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Plainfield Twp. supervisors say no to PT police officer

Published On: Oct 11 2012 07:26:29 AM EDT   Updated On: Oct 11 2012 07:28:36 AM EDT
Plainfield Twp. supervisors

Plainfield Twp. supervisors


After losing two part-time officers, one to temporary disability and one to another department, Plainfield Township Police Chief Dean Ceraul asked the Board of Supervisors if he could interview one part-time officer to fill the department’s holes.

On Wednesday night, the supervisors said no.

Though the township still has 12 full-time and two part-time officers, Chief Ceraul worries that the recent departures will create a significant shortage.


The two lost officers covered up to 19 shifts per month. Add to that the sick days and holidays remaining officers will take, particularly in December, and Chief Ceraul thinks the township will have to rely on state police or send officers out alone.

Vice Chairman Glenn Borger said he “seriously doubts” the situation is that desperate, and Supervisor Steve Hurni said that even if it were, having only one officer on duty in the early morning and counting on backup wouldn’t be so bad.

“I can tell you if we don’t get another part-timer, it’s going to happen,” Chief Ceraul said. “If you really need them [the State Police], good luck,” he said, referring to long response times.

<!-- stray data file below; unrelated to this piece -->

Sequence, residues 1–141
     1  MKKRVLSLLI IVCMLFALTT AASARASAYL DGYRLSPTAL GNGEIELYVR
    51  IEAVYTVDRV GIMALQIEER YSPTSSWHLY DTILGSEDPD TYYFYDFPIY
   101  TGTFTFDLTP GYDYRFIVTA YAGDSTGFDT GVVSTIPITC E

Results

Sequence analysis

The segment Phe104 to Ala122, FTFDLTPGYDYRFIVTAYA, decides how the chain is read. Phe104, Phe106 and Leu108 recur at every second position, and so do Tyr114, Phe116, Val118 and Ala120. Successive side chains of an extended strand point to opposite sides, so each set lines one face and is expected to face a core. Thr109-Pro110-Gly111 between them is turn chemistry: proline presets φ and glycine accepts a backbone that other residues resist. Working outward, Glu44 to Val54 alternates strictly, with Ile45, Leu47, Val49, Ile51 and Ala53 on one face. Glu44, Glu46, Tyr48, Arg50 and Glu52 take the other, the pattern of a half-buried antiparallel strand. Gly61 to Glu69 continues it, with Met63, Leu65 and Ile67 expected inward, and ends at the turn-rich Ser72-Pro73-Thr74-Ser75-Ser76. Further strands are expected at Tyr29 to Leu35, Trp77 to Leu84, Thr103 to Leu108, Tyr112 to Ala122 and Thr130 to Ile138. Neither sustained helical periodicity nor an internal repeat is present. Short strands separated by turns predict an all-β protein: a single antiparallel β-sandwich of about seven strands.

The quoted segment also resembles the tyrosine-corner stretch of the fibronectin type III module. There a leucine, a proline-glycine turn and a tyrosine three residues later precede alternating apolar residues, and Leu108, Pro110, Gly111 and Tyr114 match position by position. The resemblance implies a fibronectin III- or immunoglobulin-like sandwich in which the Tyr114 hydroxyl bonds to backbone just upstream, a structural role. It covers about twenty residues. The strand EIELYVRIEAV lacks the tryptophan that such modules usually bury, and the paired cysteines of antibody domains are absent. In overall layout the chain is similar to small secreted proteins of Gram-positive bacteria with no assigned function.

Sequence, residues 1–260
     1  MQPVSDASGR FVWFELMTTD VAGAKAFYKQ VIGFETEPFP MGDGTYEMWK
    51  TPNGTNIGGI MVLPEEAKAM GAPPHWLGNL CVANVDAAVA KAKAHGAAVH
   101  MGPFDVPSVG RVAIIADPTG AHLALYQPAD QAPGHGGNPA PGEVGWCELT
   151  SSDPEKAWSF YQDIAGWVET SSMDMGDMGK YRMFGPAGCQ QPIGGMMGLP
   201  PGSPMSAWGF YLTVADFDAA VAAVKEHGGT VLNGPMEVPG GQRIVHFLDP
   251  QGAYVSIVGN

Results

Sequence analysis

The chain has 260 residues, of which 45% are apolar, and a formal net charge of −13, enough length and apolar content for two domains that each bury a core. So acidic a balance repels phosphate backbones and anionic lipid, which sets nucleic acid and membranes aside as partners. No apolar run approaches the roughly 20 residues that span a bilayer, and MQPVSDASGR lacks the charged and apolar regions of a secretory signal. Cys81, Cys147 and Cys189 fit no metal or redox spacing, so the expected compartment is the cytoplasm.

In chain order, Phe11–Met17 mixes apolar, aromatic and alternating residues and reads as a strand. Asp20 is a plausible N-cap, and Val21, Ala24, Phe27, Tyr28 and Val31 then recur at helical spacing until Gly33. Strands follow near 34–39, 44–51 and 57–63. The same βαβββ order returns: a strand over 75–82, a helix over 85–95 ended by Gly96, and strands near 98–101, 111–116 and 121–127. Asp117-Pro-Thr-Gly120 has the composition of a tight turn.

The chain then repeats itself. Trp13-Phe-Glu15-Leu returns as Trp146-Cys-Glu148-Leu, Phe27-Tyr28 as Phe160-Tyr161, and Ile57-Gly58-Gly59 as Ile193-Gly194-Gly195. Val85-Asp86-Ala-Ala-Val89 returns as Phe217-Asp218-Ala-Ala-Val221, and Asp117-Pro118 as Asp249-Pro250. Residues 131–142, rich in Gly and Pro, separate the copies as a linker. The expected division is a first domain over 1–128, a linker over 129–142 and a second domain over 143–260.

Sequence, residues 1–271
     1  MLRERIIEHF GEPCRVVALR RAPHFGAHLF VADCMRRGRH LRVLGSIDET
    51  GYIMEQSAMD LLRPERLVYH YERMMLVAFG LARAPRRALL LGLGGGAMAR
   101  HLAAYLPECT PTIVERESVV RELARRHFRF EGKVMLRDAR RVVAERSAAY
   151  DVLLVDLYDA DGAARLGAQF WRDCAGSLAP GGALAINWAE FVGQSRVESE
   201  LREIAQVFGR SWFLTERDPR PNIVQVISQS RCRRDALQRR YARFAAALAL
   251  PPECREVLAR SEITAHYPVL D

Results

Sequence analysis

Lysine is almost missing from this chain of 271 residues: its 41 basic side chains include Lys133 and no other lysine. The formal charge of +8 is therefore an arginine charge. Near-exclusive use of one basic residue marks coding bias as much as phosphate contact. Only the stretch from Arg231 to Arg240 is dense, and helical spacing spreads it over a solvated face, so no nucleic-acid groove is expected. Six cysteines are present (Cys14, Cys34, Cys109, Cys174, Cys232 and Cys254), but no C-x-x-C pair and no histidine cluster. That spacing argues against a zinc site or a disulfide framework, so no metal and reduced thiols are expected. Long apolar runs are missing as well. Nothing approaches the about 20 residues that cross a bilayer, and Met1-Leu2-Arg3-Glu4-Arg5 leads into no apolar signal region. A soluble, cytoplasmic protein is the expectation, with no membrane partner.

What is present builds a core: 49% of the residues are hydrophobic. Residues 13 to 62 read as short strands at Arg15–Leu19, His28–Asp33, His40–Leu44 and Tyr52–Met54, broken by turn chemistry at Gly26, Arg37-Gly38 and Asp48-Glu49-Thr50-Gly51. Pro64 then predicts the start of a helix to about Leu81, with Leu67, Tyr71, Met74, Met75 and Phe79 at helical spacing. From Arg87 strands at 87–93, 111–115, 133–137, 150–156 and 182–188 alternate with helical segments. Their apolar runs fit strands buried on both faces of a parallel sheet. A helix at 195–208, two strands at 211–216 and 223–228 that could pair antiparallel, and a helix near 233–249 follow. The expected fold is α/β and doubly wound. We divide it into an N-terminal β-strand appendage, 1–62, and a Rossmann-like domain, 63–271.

Chairman Randy Heard said he doesn’t want any officers working alone, and became agitated when a resident accused the board of disregarding the coverage deficit. “It’s easy for you to say,” Heard said. “I think this board is pro-police overall. For you to say that, I’m offended.”

But ultimately, Heard and the other supervisors voted against replacing the two part-timers with a single one. According to Supervisor Jane Mellert, the township already exceeded its part-time budget.

The residents in attendance seemed pretty evenly split on the issue, with some saying they wanted full coverage round-the-clock and others saying the township functioned with a smaller force in the past, so there is no reason why it can’t now. 

“This isn’t 1975,” one resident said in response. “It’s 2012.”

Earlier in the meeting, the board released a letter of credit to Millstone Development LLC after threatening to withhold portions of it and hire another developer to finish the work Millstone started.

According to Millstone, the “vast majority” of the road and drainage improvements it’s required to make at Rolling Meadows Estates are completed. Two detention ponds remain, but Millstone said they would be finished in the spring.